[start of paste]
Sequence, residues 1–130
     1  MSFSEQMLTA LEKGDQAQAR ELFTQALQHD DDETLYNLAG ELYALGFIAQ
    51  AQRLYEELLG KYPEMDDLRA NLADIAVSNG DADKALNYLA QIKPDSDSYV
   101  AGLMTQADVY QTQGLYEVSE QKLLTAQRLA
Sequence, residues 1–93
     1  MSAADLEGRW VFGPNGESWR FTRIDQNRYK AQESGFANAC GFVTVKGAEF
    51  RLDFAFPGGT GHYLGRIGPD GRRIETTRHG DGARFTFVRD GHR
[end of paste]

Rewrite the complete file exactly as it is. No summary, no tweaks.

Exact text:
Sequence, residues 1–130
     1  MSFSEQMLTA LEKGDQAQAR ELFTQALQHD DDETLYNLAG ELYALGFIAQ
    51  AQRLYEELLG KYPEMDDLRA NLADIAVSNG DADKALNYLA QIKPDSDSYV
   101  AGLMTQADVY QTQGLYEVSE QKLLTAQRLA
Sequence, residues 1–93
     1  MSAADLEGRW VFGPNGESWR FTRIDQNRYK AQESGFANAC GFVTVKGAEF
    51  RLDFAFPGGT GHYLGRIGPD GRRIETTRHG DGARFTFVRD GHR